At this point, I feel it is important for Homeopaths to ask the question - do they wish to continue? Often, this question is asked and answered during an initial telephone, or email enquiry. However, in my experience, few people who have bothered to ask these questions, when given these answers, have then decided to decline treatment. Most are content with the explanations given, and genuinely keen to proceed at this stage.

And in response to 'the Black Ducks' implied criticism, I don't know of any patient who has been forced to accept Homeopathy. Nor am I aware of any decision that I, or any other homeopath, 'make on behalf of patients'

Perhaps I can remind him that most patients who choose Homeopathy pay for it privately. This is quite different to the approach most patients find within the NHS: "you are ill, we are only going to offer you drug-based, ConMed treatment, and we are not going to tell you much about it"!

Providing the remedy.
I will always tell the patient about the remedy I would like them to take (I don't think I have ever told a patient to 'take a remedy' - I have always said 'I would like you to take this remedy'). Normally I will tell the patient what the remedy is, share some of the key symptom that it is known to deal with, and tell the patient why I feel this is important in their case. 

I will also tell the patient that if, after taking a remedy, the symptoms get worse (what we call an aggravation) to contact me in order to discuss the situation, and what to do about it.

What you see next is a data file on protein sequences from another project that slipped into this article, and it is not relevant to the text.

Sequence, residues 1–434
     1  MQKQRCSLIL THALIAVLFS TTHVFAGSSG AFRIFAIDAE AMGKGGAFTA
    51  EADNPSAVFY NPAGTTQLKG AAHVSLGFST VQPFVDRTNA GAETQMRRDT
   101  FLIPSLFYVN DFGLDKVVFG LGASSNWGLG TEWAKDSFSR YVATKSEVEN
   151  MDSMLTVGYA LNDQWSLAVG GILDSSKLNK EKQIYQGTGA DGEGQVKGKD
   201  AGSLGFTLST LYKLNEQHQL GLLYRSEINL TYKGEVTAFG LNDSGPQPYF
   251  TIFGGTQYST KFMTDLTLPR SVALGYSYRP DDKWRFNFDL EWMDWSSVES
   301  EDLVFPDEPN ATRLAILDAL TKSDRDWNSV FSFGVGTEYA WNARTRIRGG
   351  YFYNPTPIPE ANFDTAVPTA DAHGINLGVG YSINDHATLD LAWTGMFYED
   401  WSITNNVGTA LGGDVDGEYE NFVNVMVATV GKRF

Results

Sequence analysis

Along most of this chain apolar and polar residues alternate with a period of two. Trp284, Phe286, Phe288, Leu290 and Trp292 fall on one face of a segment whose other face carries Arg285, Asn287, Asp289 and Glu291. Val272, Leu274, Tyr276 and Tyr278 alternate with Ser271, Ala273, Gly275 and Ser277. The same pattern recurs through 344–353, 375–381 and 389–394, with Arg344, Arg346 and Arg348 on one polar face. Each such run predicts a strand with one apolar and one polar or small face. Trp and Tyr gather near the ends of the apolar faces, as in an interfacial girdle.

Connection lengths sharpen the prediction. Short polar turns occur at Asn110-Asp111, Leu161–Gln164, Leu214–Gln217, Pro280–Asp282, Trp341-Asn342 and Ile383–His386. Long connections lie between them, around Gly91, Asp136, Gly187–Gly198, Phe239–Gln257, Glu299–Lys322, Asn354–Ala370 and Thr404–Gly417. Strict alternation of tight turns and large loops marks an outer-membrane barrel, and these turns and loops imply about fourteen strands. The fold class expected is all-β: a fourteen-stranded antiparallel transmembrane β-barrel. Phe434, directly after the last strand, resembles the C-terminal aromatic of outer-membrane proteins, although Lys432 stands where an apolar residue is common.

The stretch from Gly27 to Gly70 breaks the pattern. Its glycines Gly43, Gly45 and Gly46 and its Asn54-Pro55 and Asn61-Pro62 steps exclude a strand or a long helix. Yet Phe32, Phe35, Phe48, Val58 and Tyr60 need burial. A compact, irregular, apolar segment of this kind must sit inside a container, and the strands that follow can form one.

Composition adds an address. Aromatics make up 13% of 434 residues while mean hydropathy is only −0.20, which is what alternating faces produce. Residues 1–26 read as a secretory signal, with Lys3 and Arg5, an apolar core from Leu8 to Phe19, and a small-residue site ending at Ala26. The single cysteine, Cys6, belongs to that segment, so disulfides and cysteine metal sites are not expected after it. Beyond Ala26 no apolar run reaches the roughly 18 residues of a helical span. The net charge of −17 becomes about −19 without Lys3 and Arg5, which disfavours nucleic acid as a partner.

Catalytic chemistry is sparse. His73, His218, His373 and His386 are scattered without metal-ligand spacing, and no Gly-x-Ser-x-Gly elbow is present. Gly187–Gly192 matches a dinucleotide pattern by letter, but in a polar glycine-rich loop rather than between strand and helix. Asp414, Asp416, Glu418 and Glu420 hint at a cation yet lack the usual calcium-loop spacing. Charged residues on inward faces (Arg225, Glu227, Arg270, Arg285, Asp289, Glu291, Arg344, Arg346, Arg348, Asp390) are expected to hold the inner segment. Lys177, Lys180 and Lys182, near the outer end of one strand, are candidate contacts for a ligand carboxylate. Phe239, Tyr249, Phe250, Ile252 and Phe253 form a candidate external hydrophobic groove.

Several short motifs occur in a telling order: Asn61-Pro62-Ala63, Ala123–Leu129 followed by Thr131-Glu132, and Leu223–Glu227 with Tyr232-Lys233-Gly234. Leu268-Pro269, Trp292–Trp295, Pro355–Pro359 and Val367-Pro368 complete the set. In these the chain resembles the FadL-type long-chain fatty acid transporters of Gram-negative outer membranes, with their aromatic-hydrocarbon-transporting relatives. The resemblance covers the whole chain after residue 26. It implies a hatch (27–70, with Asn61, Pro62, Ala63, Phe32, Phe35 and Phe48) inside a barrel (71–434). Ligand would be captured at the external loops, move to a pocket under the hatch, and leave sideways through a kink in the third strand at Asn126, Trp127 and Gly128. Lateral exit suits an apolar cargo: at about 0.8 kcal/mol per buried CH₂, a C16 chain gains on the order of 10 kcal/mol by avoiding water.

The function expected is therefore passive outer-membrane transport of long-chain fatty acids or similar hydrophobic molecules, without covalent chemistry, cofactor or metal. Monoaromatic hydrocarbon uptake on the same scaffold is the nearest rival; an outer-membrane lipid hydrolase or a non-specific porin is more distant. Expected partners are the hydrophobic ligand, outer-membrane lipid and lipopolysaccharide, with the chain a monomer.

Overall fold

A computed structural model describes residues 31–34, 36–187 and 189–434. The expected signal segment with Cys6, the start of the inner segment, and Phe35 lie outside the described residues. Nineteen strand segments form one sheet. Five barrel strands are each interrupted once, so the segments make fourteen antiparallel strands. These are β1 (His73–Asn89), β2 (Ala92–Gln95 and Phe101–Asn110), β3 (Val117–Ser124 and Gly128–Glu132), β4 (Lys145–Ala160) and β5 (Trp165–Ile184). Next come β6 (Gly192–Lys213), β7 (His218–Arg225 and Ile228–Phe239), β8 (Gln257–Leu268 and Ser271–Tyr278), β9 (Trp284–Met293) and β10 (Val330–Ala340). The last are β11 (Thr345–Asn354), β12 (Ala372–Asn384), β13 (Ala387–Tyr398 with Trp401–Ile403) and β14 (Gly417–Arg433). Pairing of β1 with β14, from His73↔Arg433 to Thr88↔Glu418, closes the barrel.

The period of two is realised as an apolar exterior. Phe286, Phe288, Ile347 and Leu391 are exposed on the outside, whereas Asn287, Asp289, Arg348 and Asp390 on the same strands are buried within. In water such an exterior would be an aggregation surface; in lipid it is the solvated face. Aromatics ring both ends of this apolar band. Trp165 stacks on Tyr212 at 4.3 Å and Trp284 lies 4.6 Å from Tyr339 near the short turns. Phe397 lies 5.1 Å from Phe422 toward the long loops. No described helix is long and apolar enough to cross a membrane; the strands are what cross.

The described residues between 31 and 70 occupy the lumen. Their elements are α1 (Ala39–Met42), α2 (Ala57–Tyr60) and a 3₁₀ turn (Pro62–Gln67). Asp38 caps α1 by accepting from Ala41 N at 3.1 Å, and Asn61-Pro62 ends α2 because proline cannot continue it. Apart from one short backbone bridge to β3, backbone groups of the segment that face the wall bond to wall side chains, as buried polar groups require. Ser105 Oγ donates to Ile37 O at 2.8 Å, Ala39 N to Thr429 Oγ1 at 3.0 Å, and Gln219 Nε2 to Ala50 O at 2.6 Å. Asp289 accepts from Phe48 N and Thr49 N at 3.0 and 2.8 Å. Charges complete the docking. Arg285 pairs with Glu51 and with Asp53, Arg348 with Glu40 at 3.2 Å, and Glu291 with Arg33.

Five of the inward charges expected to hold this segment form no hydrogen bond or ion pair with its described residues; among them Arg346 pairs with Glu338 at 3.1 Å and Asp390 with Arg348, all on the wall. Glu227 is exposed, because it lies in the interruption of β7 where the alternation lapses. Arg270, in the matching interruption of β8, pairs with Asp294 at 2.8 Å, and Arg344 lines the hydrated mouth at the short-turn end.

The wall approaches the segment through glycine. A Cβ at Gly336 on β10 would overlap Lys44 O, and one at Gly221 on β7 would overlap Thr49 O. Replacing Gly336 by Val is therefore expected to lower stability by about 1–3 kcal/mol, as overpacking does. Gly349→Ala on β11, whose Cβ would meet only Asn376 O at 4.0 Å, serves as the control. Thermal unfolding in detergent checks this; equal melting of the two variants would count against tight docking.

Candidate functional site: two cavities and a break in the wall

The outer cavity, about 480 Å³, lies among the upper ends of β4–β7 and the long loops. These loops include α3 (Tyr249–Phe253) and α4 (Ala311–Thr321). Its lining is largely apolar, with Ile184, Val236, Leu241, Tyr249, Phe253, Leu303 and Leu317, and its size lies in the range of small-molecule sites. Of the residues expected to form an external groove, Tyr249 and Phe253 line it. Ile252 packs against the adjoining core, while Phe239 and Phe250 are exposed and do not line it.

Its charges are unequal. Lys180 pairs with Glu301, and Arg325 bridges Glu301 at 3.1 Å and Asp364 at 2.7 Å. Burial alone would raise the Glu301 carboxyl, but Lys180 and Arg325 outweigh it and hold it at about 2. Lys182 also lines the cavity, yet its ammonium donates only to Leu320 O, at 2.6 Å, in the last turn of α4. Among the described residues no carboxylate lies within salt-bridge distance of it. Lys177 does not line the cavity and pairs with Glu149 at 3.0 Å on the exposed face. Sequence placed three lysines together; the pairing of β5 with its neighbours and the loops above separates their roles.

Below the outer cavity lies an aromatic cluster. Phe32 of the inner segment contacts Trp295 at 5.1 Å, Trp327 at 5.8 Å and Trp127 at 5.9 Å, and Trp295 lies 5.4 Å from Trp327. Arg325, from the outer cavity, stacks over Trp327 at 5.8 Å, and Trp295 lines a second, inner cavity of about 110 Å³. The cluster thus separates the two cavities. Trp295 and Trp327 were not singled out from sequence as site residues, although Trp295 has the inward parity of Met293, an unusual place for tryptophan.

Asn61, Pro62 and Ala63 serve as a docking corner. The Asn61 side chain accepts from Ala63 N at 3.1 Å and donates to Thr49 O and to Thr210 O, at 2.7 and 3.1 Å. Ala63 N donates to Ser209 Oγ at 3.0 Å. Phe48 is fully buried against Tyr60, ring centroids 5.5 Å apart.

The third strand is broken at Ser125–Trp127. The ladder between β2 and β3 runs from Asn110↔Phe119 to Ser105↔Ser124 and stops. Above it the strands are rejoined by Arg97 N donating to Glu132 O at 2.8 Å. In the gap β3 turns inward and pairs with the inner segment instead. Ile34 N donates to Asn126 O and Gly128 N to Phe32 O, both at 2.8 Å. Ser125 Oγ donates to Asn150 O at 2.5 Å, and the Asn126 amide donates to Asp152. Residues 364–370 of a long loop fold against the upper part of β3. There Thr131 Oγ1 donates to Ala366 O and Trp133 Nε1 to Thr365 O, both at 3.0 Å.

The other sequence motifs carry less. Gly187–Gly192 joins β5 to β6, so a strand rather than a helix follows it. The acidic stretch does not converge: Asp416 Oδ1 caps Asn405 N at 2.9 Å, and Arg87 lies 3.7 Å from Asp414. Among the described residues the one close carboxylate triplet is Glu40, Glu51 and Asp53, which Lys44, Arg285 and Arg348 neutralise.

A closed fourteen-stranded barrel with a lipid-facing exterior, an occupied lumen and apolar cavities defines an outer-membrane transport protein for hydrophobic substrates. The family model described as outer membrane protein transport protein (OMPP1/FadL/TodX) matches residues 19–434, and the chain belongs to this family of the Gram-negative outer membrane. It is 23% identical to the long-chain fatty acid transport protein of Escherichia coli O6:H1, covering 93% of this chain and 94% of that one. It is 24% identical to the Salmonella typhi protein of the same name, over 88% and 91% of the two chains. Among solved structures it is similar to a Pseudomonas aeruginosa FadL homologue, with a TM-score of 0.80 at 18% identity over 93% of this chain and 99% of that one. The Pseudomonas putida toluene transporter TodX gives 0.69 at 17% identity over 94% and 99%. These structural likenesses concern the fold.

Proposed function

Thereafter, the process of homeopathic treatment is concerned with the patient and homeopath working closely together, discussing changing symptoms, modifying the potency of remedies, and moving to other remedies when necessary.

Providing the patient with this information, honestly and openly, enables them to give their 'informed consent' to Homeopathic treatment. And as we have seen, Informed Consent is also important to the very process of providing patients with homeopathic treatment.  So it is not 'tricky' to do so, as 'the Black Duck' suggests. It is actually quite easy, and essential to the process of healing.

Of course, it is true that providing this information to patients is easier for homeopaths as we have nothing to hide. Our remedies do not cause 'adverse reactions', disease or death. Our treatments do not involve potentially dangerous chemicals, invasive surgical procedures, or dangerous X-Rays or Radiation.

Homeopathy works alongside the body, helping it to achieve what it usually does quite naturally - keeping us healthy. Homeopathy has an easy, straight-forward and honest message that most patients, when they hear it, will understand and readily accept.